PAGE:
§ 38. Sir C. KINLOCH-COOKE
asked the First Lord of the Admiralty whether, in the case of a man in His Majesty's Navy being court-martialled and the charge against him dismissed and the man restored to his former position, the acquittal carries with it the right to have refunded to him the legal expenses incurred in proving his innocence; and, if not, will he explain why?
§ Dr. MACNAMARA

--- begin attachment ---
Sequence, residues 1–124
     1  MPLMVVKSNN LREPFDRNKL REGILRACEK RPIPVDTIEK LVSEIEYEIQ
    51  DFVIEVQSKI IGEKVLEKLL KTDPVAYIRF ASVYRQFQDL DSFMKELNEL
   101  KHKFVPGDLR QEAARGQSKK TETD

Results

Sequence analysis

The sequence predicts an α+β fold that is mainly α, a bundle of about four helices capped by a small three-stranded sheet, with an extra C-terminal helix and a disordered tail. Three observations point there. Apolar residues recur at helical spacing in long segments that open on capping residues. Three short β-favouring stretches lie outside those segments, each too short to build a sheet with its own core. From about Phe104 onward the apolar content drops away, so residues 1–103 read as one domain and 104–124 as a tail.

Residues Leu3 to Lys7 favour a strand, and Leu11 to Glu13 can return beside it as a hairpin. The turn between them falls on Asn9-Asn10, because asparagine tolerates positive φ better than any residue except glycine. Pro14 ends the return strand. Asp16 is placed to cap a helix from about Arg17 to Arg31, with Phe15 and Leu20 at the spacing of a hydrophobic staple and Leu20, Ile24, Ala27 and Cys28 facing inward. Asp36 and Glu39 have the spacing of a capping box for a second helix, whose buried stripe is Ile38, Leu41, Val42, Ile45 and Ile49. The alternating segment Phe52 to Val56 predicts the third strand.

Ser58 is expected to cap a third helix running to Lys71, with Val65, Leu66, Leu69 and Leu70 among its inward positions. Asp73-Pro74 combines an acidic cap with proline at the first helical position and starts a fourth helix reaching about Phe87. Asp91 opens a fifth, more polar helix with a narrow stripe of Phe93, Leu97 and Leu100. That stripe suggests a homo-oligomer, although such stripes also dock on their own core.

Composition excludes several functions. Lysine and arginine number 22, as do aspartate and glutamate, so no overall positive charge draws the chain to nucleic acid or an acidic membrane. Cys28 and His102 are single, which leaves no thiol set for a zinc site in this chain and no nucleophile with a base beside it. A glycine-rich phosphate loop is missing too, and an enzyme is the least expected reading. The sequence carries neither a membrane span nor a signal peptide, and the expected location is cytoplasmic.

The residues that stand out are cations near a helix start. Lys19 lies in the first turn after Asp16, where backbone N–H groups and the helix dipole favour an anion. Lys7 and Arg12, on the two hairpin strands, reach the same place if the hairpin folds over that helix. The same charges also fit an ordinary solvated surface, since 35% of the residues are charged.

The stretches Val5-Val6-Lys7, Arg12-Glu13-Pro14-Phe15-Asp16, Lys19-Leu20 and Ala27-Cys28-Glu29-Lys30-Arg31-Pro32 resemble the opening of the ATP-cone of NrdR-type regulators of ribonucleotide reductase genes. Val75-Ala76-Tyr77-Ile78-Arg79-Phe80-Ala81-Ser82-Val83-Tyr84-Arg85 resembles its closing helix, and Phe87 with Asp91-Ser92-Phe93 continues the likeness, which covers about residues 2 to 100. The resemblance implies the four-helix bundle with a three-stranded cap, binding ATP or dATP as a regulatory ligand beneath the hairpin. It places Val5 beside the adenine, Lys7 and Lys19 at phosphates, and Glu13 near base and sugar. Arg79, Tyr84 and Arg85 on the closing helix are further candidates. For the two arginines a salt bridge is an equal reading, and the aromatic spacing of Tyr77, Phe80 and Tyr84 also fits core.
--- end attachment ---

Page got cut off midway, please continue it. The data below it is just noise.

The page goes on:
Legal expenses incurred by an accused person in connection with a naval court-martial, in so far as they consist of expenses of witnesses, are paid by the Crown. The Crown does not pay the expenses of a legal adviser for the accused. The accused does not generally employ a legal adviser, but is assisted by a naval officer. As the prosecutor also is a naval officer, prosecution and defence are on an equal footing, and no reason is seen for providing the accused with a legal adviser at the expense of the State.